What Is Ciprofloxacin Resistance?

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  • Written By: Jillian O Keeffe
  • Edited By: PJP Schroeder
  • Last Modified Date: 10 November 2019
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Ciprofloxacin is an antibiotic. Medical professionals use antibiotics to kill bacteria, but bacteria tend to be very adaptable to their environment and can develop resistance to the previously lethal effects of ciprofloxacin. Ciprofloxacin resistance is important in medicine as the bacteria that the drug can combat include several significant species that cause disease, such as Klebsiella, E. coli, and Salmonella.

Bacteria are single-celled organisms. Each cell contains genetic material that act as an instruction booklet for the cell to read. All the functions and products of the cell are encoded by the genetic material. As well as the genes, the cell contains internal machinery that make the products the cell needs to stay alive and to grow. Finally, the cell has structural components that keep the cell safe from the outside environment as much as possible. In the external wall of the cell, channels exist that allow useful substances inside while keeping most of the detrimental substances outside.

Any substance that can kill one of these cells, when it infects a person, is called an antibiotic. Cell death can occur if the chemical breaks it up from the outside or if it makes its way inside and breaks its machinery. Ciprofloxacin works from the inside of the bacterial cell and targets one specific enzyme inside.


Antibiotic resistance arises because bacteria can mutate, or change their genes. The new gene form can code for a product that is better than the previous version at surviving attack by the antibiotic. As bacteria commonly occur in large numbers, if a course of antibiotics does not kill all the bacteria present, then the surviving bacteria, with the new version of the gene, can multiply back out of control.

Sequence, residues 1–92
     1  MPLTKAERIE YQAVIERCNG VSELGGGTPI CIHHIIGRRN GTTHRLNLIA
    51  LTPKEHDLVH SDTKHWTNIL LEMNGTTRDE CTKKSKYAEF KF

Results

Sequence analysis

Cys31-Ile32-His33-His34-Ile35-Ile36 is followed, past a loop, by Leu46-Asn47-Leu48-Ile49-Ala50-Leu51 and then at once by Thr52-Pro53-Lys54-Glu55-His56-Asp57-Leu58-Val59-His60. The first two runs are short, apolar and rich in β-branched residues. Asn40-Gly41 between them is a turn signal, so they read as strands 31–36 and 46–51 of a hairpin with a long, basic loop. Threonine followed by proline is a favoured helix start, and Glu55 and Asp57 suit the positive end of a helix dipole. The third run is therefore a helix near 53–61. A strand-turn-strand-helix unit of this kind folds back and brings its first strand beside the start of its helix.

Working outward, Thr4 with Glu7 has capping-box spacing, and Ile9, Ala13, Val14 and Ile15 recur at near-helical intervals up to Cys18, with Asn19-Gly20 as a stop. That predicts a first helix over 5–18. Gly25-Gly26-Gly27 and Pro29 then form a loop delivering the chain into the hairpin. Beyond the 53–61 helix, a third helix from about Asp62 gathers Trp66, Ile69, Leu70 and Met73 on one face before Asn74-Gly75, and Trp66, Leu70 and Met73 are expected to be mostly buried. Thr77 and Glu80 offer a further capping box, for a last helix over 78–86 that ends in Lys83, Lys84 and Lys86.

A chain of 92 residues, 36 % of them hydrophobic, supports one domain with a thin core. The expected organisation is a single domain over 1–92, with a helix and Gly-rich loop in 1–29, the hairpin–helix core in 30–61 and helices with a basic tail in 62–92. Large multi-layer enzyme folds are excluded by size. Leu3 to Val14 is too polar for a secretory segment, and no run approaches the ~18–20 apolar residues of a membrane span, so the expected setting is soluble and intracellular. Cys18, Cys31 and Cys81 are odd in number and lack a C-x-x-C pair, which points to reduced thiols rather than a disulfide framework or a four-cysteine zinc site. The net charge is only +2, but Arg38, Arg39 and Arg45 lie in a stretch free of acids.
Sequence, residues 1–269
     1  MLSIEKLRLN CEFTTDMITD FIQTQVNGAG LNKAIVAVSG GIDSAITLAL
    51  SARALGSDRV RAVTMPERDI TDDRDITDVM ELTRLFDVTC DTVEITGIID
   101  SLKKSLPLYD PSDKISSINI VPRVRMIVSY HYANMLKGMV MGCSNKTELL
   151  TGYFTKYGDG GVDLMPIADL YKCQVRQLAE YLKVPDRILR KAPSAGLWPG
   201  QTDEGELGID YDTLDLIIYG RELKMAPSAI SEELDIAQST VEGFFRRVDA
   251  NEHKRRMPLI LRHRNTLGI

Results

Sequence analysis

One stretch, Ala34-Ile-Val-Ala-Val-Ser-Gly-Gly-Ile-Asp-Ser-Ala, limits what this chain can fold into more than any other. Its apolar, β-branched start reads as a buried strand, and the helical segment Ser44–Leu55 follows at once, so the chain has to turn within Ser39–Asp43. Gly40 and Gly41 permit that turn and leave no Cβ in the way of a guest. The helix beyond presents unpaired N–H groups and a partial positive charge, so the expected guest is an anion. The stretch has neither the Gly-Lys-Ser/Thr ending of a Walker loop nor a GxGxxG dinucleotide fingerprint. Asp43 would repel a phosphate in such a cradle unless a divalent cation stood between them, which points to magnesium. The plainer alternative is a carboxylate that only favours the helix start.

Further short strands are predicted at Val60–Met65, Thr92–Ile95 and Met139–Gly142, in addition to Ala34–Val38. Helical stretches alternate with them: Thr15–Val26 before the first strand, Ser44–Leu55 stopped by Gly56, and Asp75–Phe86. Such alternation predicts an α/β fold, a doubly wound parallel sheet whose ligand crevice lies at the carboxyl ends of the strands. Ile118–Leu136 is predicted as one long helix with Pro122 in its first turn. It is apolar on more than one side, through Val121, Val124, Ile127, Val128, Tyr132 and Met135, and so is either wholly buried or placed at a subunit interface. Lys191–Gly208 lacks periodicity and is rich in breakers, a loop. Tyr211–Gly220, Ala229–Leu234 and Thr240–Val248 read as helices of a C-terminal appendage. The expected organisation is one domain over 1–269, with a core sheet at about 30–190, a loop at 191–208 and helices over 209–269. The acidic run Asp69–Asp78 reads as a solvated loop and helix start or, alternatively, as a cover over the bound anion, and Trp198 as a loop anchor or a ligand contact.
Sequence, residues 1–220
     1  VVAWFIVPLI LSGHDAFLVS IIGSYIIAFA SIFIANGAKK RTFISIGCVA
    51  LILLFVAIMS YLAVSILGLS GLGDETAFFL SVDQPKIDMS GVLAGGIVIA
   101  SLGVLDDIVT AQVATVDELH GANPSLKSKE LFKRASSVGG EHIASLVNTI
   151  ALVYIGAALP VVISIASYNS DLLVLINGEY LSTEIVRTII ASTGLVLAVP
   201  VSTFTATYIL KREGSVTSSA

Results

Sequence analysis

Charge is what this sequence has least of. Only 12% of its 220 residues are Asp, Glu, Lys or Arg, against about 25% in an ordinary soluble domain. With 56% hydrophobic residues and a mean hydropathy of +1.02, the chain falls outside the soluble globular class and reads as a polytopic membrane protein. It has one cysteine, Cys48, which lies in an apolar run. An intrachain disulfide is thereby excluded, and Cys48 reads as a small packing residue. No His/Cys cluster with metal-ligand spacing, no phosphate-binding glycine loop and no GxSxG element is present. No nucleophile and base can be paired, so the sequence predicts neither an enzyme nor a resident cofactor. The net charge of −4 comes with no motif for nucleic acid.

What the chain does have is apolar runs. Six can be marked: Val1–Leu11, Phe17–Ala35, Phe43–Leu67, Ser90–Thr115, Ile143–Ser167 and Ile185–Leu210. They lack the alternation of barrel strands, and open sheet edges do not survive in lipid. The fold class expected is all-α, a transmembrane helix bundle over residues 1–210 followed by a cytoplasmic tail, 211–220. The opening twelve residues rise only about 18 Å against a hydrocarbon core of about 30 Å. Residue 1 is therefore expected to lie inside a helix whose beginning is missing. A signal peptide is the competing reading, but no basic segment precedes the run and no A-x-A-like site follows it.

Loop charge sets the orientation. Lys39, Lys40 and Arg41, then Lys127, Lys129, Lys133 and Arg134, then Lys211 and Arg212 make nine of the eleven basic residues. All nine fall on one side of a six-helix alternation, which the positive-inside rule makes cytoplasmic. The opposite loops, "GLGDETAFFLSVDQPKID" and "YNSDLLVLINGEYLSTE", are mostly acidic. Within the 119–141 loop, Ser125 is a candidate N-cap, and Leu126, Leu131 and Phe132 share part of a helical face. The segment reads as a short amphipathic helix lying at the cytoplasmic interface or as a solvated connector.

As ciprofloxacin works against the bacterium from the inside of the cell, in order to work, it needs the bacterium to allow it in. One form of ciprofloxacin resistance appears to be that resistant bacteria have versions of genes that instruct the cell to build channels in the wall that keep some of the antibiotic out. Another avenue of ciprofloxacin resistance is that cells produce new forms of pump mechanisms, which pick up the antibiotic molecules inside the cell and throw them outside.

Inside the cell, ciprofloxacin targets an enzyme called DNA gyrase, which helps the cell to divide and grow. If the DNA gyrase cannot work properly, then the bacterium cannot multiply, and the old cell eventually dies of old age. For the ciprofloxacin to work properly, it needs to be able to recognize the enzyme in order to bind to it. An important mode of ciprofloxacin resistance, therefore, is that bacteria change the gene that codes for the enzyme and make a version of the enzyme that ciprofloxacin does not recognize. Resistant bacteria can then divide and multiply as normal.

Resistance to antibiotics is an ongoing process, and bacteria, as long as they can mutate, can develop new ways of becoming immune to a chemical. Doctors can, however, slow down the process by restricting the types of infections that ciprofloxacin can be used to treat. Patients are also required to finish an entire course of ciprofloxacin to ensure that all the susceptible bacteria are dead and do not have time to develop drug resistance.


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